Exposing Nipah virus: an epidemiological study of another thread in Kerala, South India

Authors

  • Kartikay Prakash Department of Pharmacy, Lucknow Model College of Pharmacy, Lucknow, Uttar Pradesh, India
  • Reetu Yadav Department of Pharmacy, Seiko College of Pharmacy, Lucknow, Uttar Pradesh, India
  • Shashank Tiwari Department of Pharmacy, Lucknow Model College of Pharmacy, Lucknow, Uttar Pradesh, India

DOI:

https://doi.org/10.18203/2320-6012.ijrms20240562

Keywords:

Nipah virus, NiV, Kerala, Fruit bats, Palm sap, Pig, Zoonotic virus, Threat, ICMR, WHO, Mortality, India, Bangladesh, Bats, Viral infections, Encephalitis, Endemic

Abstract

Bats spread the Nipah virus, which causes severe encephalitis and high mortality. Multiple reports have come from Malaysia, Bangladesh, Singapore, and India. Pteropus fruit bats are known to host the virus. The virus has caused four outbreaks in Kerala in the past quinquennium. Scholars believe the virus is indigenous to the state's bat population. Climate change, resource depletion, deforestation, natural terrain changes, farming, and industrialization all contribute to viral disease outbreaks. In this review, we will discuss the epidemiological background of the previous NiV outbreak. We will also examine the transmission method epidemic prevention and control strategies and possible causes of the outbreak. Four Nipah epidemics have occurred in Kerala in the past five years. Expert investigation suggests that the virus may be endemic in the state’s bat population. Kerala, India, has many bat species. In 2018, research found viral infections in the local fruit bat population. Traditionally, people eat fresh toddy or sap from trees, which can be polluted by bats carrying the Nipah virus. Kerala's healthcare system also closely monitors unexplained fevers for Nipah virus infections. The World Health Organisation and Indian Council of Medical Research found that the entire state is susceptible to Nipah virus infections. The virus is a major cause of encephalitis outbreaks, which have high mortality rates, mostly in Indo-Bangladesh.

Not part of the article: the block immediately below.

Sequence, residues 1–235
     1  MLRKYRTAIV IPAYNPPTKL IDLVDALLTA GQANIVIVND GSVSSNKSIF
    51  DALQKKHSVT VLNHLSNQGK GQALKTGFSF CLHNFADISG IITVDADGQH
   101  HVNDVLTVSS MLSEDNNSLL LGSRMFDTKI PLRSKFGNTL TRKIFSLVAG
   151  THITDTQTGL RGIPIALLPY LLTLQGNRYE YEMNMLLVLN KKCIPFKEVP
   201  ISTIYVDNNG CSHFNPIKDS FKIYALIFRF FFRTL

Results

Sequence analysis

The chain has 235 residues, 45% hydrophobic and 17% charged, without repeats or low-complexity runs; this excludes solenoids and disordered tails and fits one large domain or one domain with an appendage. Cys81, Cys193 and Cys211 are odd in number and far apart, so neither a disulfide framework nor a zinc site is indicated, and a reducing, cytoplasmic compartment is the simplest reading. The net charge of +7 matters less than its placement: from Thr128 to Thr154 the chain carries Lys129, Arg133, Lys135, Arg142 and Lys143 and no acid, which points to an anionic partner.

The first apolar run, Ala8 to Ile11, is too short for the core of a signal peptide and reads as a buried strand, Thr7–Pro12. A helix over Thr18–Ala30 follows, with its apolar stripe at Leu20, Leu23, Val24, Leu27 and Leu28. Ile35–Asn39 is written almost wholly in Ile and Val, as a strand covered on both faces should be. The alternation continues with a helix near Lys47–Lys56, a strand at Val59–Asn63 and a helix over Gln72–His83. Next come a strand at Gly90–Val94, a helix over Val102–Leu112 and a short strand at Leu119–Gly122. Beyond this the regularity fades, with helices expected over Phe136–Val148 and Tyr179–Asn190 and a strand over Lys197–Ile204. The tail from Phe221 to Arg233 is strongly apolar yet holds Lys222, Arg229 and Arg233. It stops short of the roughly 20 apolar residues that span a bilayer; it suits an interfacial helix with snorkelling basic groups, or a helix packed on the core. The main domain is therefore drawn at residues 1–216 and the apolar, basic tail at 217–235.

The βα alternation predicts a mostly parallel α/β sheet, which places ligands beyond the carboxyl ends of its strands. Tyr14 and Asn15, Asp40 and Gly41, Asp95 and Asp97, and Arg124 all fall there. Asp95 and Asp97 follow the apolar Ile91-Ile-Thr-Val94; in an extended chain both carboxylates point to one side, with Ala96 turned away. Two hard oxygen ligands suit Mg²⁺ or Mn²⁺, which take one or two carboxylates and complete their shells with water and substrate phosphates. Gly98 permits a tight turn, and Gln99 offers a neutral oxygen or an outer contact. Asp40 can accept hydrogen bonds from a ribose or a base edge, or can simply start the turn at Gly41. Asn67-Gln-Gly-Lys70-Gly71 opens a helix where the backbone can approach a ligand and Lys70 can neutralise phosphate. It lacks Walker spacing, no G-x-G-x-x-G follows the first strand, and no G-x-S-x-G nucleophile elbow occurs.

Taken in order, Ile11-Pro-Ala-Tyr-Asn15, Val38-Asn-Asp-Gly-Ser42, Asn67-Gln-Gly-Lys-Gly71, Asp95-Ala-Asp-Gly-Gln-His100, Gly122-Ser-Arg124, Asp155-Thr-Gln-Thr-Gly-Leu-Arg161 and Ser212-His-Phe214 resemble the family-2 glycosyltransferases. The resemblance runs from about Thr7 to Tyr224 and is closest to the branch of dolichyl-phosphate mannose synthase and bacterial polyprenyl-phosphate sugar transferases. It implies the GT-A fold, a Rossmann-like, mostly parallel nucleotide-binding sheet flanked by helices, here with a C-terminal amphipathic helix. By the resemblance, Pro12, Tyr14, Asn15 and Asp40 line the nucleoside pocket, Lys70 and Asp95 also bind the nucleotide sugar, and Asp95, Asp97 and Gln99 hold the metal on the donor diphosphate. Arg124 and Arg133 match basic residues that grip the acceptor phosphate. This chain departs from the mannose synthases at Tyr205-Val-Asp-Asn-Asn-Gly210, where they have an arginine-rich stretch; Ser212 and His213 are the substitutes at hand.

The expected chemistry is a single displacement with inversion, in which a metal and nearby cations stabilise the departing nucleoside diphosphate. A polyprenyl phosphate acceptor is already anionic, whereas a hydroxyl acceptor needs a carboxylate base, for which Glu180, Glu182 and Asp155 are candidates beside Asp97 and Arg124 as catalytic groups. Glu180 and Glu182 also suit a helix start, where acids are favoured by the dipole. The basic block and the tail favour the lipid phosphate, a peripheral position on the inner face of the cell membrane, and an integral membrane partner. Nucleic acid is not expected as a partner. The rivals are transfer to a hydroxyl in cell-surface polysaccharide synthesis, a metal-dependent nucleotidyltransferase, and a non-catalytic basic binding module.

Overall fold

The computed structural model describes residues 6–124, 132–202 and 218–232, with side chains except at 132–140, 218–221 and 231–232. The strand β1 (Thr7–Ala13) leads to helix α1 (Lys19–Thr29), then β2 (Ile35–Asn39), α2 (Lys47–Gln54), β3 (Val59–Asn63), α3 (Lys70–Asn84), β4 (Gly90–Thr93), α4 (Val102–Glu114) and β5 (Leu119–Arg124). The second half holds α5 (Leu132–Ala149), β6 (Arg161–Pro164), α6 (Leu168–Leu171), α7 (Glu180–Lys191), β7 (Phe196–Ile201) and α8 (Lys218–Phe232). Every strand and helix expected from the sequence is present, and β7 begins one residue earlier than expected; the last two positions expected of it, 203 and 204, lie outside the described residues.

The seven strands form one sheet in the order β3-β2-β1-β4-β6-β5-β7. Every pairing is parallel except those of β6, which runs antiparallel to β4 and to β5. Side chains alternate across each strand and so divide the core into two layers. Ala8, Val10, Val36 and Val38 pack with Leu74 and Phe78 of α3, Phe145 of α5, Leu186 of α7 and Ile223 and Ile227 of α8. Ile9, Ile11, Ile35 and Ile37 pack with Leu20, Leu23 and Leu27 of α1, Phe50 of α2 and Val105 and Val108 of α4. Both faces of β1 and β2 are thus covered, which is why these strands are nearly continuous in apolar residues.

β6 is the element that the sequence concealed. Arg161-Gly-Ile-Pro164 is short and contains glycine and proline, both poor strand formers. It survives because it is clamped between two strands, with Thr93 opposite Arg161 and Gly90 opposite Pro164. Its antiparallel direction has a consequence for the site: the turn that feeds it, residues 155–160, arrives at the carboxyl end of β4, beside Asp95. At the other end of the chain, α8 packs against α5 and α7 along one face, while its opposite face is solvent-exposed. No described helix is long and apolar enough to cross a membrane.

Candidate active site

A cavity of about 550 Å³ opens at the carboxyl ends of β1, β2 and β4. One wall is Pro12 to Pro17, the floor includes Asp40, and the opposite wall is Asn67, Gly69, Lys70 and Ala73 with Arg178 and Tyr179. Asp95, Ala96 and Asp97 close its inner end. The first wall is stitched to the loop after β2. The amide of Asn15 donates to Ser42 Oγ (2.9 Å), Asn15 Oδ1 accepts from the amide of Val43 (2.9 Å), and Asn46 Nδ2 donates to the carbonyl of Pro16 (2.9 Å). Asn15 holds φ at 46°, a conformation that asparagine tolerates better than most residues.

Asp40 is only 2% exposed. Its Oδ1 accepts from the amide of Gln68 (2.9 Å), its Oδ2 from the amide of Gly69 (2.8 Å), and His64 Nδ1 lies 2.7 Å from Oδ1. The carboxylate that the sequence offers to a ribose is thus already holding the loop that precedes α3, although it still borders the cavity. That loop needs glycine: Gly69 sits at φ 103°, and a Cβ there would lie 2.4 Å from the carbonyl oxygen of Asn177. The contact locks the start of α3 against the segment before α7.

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Published

2024-02-28

How to Cite

Prakash, K., Yadav, R., & Tiwari, S. (2024). Exposing Nipah virus: an epidemiological study of another thread in Kerala, South India. International Journal of Research in Medical Sciences, 12(3), 1039–1048. https://doi.org/10.18203/2320-6012.ijrms20240562

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Section

Review Articles